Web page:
Nations get a warning from NATO
By wire services
Published July 3, 2004
BRUSSELS - NATO's top civilian official warned Friday that Afghanistan and Iraq were doomed to be failed states if the United States and the international community did not find a way to work together to save them.
Jaap de Hoop Scheffer, NATO's secretary-general, also sharply criticized the Bush administration for abandoning NATO as an alliance and using it when it suits Washington's interests.
"Can we afford two failed states in pivotal regions?" de Hoop Scheffer said in an interview. "It's both undesirable and unacceptable if either Afghanistan or Iraq were to be lost. The international community can't afford to see those countries going up in flames. There would be enormous repercussions for stability, and not only in those regions."
De Hoop Scheffer's bleak analysis of the situation in Afghanistan and Iraq contrasts with the rosier view of the Bush administration, which has portrayed the countries as well on the road to becoming stable democracies that will serve as models for the region.
Marine from Florida dies; was wounded once before
ORLANDO - A Marine who refused to return to the United States after he was wounded in combat in Iraq in April has been killed in action, his father and military officials confirmed Friday.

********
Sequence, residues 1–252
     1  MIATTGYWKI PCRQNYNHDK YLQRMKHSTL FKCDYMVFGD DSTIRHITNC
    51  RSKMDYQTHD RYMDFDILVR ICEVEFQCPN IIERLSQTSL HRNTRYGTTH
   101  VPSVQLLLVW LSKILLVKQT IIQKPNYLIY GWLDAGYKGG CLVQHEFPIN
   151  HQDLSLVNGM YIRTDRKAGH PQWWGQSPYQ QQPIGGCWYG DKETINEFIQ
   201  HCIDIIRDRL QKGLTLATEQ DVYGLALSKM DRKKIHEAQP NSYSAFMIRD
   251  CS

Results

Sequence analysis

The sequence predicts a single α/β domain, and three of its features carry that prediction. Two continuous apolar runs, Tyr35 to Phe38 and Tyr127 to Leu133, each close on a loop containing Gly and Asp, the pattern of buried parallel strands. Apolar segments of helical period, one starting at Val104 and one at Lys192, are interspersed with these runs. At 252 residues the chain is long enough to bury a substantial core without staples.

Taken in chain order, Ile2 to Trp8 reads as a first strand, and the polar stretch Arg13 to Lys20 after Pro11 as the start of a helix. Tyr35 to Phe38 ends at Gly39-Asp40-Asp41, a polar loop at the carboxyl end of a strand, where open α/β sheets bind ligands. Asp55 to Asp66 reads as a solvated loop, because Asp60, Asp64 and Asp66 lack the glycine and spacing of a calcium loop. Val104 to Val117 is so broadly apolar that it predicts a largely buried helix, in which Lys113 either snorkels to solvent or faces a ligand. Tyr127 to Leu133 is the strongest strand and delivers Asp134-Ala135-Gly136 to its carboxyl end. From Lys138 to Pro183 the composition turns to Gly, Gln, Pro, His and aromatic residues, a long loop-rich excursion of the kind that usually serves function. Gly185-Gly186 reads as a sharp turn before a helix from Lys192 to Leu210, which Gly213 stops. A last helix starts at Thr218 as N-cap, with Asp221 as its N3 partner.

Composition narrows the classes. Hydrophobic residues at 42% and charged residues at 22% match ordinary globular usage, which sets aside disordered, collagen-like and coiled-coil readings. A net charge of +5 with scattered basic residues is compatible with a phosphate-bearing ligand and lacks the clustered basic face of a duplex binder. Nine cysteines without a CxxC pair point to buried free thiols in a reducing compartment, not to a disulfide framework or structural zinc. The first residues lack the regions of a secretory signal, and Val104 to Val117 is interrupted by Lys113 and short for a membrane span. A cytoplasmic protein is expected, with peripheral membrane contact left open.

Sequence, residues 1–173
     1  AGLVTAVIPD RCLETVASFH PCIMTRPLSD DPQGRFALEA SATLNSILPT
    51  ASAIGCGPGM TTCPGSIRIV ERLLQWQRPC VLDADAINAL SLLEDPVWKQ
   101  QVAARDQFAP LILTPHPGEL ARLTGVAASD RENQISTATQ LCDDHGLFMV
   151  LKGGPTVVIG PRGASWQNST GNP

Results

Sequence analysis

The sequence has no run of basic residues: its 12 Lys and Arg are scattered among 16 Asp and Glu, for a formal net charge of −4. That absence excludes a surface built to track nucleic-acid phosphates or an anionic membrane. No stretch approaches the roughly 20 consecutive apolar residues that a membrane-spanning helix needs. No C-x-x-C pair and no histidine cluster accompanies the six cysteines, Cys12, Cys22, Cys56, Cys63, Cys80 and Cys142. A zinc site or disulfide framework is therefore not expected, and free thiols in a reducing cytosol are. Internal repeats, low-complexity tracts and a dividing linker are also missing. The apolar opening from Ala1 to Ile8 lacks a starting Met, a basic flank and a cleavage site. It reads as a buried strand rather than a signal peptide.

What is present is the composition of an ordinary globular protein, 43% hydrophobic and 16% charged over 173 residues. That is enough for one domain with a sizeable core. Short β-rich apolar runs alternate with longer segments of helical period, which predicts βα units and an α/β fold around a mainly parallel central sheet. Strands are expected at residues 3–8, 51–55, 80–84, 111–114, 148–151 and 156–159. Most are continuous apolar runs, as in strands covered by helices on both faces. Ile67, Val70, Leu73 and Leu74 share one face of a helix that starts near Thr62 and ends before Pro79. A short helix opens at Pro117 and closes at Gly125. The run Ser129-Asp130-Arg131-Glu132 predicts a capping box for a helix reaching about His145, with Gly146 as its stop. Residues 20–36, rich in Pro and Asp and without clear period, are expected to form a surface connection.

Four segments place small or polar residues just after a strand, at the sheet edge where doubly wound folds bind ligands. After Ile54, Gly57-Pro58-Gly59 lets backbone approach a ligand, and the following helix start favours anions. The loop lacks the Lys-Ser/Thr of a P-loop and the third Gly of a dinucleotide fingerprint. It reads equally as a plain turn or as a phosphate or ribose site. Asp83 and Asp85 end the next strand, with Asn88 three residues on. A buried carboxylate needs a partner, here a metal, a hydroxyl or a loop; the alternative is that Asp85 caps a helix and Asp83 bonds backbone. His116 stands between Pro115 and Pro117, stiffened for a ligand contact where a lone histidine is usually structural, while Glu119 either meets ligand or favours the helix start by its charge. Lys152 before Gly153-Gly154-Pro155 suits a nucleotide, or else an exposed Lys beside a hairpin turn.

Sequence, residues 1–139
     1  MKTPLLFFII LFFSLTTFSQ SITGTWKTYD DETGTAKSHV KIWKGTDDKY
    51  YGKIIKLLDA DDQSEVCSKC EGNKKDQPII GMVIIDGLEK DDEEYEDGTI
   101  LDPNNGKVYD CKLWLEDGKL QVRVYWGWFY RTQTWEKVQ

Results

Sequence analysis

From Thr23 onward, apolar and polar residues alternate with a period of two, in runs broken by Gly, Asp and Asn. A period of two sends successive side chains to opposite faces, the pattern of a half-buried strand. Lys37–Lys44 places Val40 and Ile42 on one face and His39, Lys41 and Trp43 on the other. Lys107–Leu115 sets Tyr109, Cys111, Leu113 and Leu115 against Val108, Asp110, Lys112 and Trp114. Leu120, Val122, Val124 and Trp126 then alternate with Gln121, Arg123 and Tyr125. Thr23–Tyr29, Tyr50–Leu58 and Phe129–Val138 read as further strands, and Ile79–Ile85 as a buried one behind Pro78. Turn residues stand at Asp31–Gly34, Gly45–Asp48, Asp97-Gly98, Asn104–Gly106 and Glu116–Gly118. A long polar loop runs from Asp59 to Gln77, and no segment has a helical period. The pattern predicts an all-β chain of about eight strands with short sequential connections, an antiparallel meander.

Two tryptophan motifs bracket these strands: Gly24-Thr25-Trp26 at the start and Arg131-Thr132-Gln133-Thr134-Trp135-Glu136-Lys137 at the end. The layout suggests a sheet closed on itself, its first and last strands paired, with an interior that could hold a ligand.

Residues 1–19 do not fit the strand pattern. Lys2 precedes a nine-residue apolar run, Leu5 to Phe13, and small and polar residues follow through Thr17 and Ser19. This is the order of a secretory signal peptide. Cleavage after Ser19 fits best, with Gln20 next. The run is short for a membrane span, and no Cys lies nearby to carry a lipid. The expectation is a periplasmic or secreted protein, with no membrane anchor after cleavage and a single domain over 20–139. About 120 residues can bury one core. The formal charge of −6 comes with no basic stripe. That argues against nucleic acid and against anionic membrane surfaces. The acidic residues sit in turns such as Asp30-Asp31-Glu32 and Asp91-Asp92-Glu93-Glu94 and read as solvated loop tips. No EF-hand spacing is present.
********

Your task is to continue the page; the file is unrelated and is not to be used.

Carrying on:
Sgt. Kenneth Conde Jr., 23, of Orlando died Thursday while fighting in the Al Anbar province, the Department of Defense said in a statement.
"He had to be the best at anything he did," said his father, Kenneth Conde Sr., a former Marine.
A bullet went into his left shoulder during a gunbattle in Ramadi last April. When Conde went down, the cheers of insurgents made him mad, said his father.
"After he fell down, they started cheering and he just got angry and got back up and his platoon kept going forward," Conde Sr. said.
Also . . .
NO SARIN FOUND: Sixteen rocket warheads found last week in south-central Iraq by Polish troops did not contain deadly chemicals, a coalition spokesman said Friday, but U.S. and Polish officials agreed that insurgents loyal to former Iraqi President Saddam Hussein and foreign terrorist fighters are trying to buy such old weapons or the services of Iraqi scientists who know how to make them.
A SLOW START: Only $366-million has been spent of the $18.4-billion President Bush and Congress provided last fall for rebuilding Iraq, a White House report showed Friday. Despite the administration's initial emphasis on speedy reconstruction in Iraq, the amount is less than 2 percent of the rebuilding money lawmakers provided. The figure, in the latest quarterly report by the budget office, marks the first time the administration has said how much of the money has been spent.
[Last modified July 3, 2004, 01:00:34]
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